He likes to ask his teams ‘What is the Exam Question?‘.
When team meetings and other conversations would get mired in confusion and ambiguity he would ask us ‘What is the Exam Question?’.
It was a great question. Great at pulling you back from the detail. Great for re-orientating your perspective. Great at reminding you to get back to why you are here in the first place.
When you are stuck in the middle of it. When it is too confusing and ambiguous, remind yourself what you are trying to do.
What problem are you trying to solve?
Why are you here?
Where are you trying to get to?
That is the exam question. A question specific to the current situation and context.
Now keep that in mind and as I dive headfirst into a political and generational minefield.
The ABC Four Corners program that aired on Monday 2nd May 2016 was titled “Home Truths: What Happened to the Great Australian Dream?“.
“On the eve of the Federal Budget, Four Corners reports on the white hot issues of housing affordability and negative gearing and the generation left wondering if they will ever own their own home.”
By Ben Knight, Klaus Toft and Mary Fallon
The idea of owning your own home looms large in the public psyche.
There is a message broadcast that we must all aspire to own our own home and there is a cultural pressure to do so. This is a fundamental assumption within these some societies. It has become part of the culture. You can identify as a homeowner, and if you are not then you aspire to be one.
At the same time, growth in property prices has encouraged more people to become property investors. It is an asset that is easy to understand. Prices are rising and everyone wants to be in on the action.
There are the two broad camps.
- You are either in the ‘I want to own my own home’ camp, and you either do own or aspire to own, or
- You are in the ‘I want to have a property portfolio’ camp aiming to grow your wealth or fund your retirement. And you here you own at least one property, whether you live in that one or not.
Both these camps have different goals and by definition of where they sit, they have different perspectives on what is important.
The conflict with each other too. More so if the balance swings too far in either direction.
* This reminds me of the following essay by Donella Meadows “Leverage Points: Places to Intervene in a System“. A worthwhile read for anyone interested in unintended consequences.
It is in this context that as I watched the episode I became acutely aware of my own emotions and how I was reacting to the reporting.
My emotions were attached to the idea that we must own the home we live in. They conflicted with my more reasoned self that empathized with governments who need to drive investment in housing stock, and the important role property investors fill in that process. And of course appreciating that if I was in that boat, I would feel like they did about any proposed change that results in a loss to me.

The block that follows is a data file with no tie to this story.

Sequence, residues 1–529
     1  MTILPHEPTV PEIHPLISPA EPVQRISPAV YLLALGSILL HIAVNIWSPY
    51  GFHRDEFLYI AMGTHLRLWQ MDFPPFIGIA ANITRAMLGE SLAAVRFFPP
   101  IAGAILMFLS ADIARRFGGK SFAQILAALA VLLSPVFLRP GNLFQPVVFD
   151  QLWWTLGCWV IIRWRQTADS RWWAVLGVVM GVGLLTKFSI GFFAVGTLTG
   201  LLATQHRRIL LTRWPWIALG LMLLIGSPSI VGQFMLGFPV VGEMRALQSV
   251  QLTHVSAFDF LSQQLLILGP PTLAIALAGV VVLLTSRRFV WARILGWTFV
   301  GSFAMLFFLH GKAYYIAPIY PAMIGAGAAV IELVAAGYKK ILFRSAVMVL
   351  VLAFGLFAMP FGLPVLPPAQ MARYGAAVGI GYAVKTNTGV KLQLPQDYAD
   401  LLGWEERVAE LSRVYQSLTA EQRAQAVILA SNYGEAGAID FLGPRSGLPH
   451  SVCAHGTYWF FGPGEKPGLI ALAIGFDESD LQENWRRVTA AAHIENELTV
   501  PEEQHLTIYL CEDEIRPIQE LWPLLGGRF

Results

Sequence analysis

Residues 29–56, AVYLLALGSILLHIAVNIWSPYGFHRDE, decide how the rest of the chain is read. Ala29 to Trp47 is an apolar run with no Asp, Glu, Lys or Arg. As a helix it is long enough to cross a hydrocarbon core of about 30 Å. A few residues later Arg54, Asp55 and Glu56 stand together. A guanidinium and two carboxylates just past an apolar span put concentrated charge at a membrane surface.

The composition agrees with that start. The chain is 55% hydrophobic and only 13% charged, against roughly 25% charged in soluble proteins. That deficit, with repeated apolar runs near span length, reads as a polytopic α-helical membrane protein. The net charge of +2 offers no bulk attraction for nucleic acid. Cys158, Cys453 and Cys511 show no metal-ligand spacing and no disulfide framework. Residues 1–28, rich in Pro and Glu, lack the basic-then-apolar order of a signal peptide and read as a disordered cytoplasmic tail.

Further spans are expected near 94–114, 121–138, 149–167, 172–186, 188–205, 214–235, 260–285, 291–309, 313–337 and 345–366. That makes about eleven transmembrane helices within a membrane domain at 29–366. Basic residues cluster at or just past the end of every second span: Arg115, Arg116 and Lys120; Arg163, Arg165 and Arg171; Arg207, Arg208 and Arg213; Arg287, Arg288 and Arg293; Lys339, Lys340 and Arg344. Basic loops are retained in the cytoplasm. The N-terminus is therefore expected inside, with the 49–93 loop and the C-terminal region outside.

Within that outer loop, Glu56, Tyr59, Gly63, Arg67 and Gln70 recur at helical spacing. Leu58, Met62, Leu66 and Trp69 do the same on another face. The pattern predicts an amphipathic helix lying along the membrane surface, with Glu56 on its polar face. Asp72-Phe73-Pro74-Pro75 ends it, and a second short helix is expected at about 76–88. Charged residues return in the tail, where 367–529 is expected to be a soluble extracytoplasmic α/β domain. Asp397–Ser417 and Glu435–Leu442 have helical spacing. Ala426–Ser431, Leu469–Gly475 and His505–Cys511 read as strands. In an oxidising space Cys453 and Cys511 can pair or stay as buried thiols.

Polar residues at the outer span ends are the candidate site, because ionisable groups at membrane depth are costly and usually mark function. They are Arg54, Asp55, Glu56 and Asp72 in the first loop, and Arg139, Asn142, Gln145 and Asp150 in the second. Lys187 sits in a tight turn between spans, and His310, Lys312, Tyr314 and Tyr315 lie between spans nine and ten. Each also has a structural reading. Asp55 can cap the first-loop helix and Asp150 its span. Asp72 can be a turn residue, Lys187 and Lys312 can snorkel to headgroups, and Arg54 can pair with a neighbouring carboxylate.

But I couldn’t work out what I thought and believed to be true. Where do I sit on this topic as I consider all each stakeholder and how I would feel if I was them and in their position?
I could see the merits of each side of the argument if I pictured myself in either camp.
I thought the program did I good job of discussing the subject and showing multiple views. Yet I was confused.
Did everyone on the program believe they were answering the same question?
In that way the program missed a great opportunity. It failed to ask itself and therefore the wider Australian public ‘What is the Exam Question?‘.
What is the question itself.
What is more important?
- That we all own our home?
- That there is sufficient housing stock whether it be rented or owned?
- Or something in between?
If you don’t know what question is being asked then how could you know whether your answer is correct?
“Questions are places in your mind where answers fit,” he said. “If you haven’t asked the question, the answer has nowhere to go. It hits your mind and bounces right off.”
Clayton Christensen – from A Conversation with Innovation Guru Clayton Christensen
My point is that the quality of the question being asked is more important in than the answer. That is what asking yourself ‘What is the exam question‘ does. It forces you to reflect on the Question itself.
I wish the program has focused more on what the question itself should be. In the absence of a good question, we create our own and answer that one. We answer the easier question.
“This is the essence of intuitive heuristics: when faced with a difficult question, we often answer an easier one instead, usually without noticing the substitution.”
― Daniel Kahneman,
A good question seeks out a significant leverage point in the system. You can fiddle around the edges and push and pull the system where you think it needs to go. But the goal of the system itself is a big leverage point.
Change the goal, change the system.
Because if you do truly believe every citizen should have the opportunity to buy their own home, then the system should be designed with that goal in mind. The possible answers are different.
But if you don’t believe that then you are closer to the belief that property is just another asset class, like shares on the stock market, and that the market will take care of itself. You are an investor and your goal is not home ownership, but capital growth or cashflow. That is a different system. That is a different set of answers.
What exam questions could you have asked recently?
Let me know in the comments below.